Where is the tipping point? How many deep fakes do we need to witness before we start doubting everything we see, hear, or read? The proliferation of fakes that are difficult to distinguish as such can be immensely damaging to public trust. To this end, AI can be leveraged to assist with detecting and warning about fake and misleading content, while also scouring through massive amounts of data to help politicians in decision-making. For instance, AI can provide valuable insights into public sentiment by sifting through publicly available data from citizens. However, the ethical use of AI for political processes, in policymaking for example, should be centered around transparency and accountability. Transparent and accountable AI systems can help maintain trust in democratic processes, though this is certainly a challenge for more complex AI models. Diane Coyle, a renowned professor of public policy at the University of Cambridge, explained in an article for the Brookings Institute: “With machine learning in general and neural networks or deep learning in particular, there is often a trade-off between performance and explainability. The larger and more complex a model, the harder it will be to understand, even though its performance is generally better.” Policymakers should be aware of this, and be very vigilant against deflecting accountability and blaming AI for what would be human errors of judgment embedded in algorithms. To this end, it is essential to develop AI algorithms that are transparent, unbiased, and consistent with ethical norms and standards.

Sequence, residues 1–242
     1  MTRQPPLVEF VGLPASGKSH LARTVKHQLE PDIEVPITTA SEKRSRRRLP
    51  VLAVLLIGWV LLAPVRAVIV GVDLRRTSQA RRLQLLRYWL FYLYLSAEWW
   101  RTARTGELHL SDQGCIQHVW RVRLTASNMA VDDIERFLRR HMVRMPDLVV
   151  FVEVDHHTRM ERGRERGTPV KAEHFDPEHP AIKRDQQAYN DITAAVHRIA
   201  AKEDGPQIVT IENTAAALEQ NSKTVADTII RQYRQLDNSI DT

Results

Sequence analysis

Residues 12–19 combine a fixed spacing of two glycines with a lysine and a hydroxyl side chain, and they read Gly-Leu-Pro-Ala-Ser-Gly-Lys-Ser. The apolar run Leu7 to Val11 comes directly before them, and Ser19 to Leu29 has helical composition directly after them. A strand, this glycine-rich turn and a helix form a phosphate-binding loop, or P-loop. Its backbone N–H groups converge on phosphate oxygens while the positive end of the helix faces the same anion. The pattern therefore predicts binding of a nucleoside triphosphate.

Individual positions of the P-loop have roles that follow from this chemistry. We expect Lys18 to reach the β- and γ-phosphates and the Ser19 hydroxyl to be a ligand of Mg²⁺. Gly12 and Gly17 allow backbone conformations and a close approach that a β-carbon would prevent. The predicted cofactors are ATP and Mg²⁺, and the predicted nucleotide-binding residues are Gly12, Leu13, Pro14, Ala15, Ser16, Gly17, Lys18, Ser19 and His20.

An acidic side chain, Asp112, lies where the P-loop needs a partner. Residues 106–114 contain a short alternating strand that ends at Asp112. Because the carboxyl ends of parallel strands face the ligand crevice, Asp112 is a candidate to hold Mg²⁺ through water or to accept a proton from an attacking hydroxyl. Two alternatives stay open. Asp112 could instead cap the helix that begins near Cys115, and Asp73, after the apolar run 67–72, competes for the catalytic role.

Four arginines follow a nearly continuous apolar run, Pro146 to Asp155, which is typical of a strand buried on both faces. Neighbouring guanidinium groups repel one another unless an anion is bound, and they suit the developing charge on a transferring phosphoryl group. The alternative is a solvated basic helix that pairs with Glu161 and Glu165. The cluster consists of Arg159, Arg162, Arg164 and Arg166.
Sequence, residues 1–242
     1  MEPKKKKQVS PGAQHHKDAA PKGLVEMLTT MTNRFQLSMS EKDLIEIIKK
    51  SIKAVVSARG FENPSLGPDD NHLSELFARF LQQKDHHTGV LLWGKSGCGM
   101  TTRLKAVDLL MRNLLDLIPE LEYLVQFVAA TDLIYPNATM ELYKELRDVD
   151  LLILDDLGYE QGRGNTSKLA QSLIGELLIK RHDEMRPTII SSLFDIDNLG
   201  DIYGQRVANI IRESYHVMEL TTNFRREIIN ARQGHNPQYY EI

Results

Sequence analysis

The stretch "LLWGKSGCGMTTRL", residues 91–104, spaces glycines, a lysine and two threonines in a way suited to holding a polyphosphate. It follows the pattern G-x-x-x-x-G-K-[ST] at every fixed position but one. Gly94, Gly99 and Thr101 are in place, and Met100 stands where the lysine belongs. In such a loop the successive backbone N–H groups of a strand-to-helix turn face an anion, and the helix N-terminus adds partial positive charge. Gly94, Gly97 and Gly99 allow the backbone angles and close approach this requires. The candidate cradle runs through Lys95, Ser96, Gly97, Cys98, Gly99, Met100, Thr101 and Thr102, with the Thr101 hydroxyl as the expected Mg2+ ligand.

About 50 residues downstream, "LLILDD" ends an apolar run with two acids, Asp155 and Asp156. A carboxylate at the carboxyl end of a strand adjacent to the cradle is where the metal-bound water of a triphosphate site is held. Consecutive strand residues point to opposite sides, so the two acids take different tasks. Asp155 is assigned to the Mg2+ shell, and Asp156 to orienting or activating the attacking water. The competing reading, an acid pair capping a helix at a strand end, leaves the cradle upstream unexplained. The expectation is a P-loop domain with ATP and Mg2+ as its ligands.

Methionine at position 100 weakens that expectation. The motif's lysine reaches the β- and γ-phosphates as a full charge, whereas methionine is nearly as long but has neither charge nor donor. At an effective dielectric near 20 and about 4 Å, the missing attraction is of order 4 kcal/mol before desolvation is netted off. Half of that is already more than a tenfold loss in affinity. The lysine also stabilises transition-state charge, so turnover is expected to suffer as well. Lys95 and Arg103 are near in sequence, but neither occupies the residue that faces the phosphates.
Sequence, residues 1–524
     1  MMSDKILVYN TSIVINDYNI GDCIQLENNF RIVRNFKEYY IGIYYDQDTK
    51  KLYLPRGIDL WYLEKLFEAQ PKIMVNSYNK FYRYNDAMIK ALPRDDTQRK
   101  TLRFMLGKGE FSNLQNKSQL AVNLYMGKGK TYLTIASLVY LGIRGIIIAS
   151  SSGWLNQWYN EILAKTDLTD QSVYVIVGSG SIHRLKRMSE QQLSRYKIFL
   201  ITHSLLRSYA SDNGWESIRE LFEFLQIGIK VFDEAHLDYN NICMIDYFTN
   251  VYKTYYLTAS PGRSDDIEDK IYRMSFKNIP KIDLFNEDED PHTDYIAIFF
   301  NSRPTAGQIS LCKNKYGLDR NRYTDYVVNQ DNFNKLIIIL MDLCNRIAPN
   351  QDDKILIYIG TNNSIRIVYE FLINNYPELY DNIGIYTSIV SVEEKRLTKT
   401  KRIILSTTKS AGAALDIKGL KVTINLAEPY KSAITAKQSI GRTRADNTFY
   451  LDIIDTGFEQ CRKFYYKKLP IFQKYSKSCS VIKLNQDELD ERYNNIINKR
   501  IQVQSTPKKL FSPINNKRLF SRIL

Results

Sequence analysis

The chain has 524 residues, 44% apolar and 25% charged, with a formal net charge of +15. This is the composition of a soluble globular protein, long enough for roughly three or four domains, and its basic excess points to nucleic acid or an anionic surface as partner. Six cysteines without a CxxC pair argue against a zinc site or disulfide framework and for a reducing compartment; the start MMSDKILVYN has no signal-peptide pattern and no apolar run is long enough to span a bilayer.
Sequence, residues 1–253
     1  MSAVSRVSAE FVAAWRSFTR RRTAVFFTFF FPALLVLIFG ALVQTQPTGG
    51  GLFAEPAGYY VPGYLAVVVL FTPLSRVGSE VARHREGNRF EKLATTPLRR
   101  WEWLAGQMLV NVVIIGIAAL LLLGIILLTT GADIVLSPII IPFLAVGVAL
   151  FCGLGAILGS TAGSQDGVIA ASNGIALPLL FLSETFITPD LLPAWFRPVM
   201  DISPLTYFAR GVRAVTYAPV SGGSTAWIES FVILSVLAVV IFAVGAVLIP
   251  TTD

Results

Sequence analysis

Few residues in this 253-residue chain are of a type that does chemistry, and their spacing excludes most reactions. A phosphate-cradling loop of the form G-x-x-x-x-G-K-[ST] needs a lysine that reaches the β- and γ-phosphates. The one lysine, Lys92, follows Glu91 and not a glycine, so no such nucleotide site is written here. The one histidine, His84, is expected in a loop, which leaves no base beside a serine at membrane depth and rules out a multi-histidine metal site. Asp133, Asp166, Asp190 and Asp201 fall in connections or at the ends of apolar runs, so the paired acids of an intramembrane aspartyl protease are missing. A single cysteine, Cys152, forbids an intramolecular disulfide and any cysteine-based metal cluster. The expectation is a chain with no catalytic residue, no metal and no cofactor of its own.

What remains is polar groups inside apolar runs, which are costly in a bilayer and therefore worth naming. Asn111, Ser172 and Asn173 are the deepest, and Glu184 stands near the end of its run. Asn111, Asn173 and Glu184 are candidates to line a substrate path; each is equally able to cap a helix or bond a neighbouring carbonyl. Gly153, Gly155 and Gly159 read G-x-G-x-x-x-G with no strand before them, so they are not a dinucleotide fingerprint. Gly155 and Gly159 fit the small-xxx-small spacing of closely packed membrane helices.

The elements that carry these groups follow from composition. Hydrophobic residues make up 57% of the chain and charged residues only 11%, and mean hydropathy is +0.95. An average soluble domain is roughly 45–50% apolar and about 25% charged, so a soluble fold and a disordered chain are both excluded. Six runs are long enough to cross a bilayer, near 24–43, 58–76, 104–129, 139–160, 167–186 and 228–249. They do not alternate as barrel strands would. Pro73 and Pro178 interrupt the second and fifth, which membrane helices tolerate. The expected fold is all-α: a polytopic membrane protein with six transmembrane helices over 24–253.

As we navigate the AI revolution, it is crucial to strike a balance between embracing the opportunities it presents and addressing the potential pitfalls. In diplomacy, AI can enhance decision-making processes, predict conflicts, and facilitate more effective negotiations. It is not hard to imagine a future where diplomats spend more time doing diplomatic work e.g. representation, negotiation, relationship-building and crisis management – instead of the less value-adding administrative tasks of doing routine reports and other paperwork. Striking a balance between human capabilities and AI augmentation will be key to ensuring a harmonious transition.

Pessimists have been warning that diplomats, like many other professionals, are at risk of becoming obsolete, replaced by faster and ever-more intelligent AI agents. Diplomats can, however, escape this foretold irrelevance by embracing new skills and adapting to new technologies. When ATM machines were invented decades ago, some warned that bank tellers and staff would become obsolete. We know now that did not come to pass, as banks successfully diverted the skills of bank tellers toward more value-adding functions such as Know-Your-Customer (KYC) processes, or client relationship management. In the same vein, diplomats can harness their unique set of skills and decades of experience, augmented by the computing power of AI, to perform more complex political, diplomatic and intercultural functions.

Diplomats need not worry, their profession will not die anytime soon.. If anything, the cross-border disruptions – and the corresponding policies, guardrails, international regulatory frameworks necessary to deal with those disruptions – heralded by AI across all sectors of society, economics, and politics will make the profession as pertinent as ever. AI ethicist Renée Cummings from the University of Virginia offers a glimpse into the future: “AI will not replace policymakers. What we will see is collective intelligence, the best of human intelligence working with the most sophisticated artificial intelligence.”


Written by Shaira Rabi; Edited by Peter Janiš

Art credit by: Julia Drössler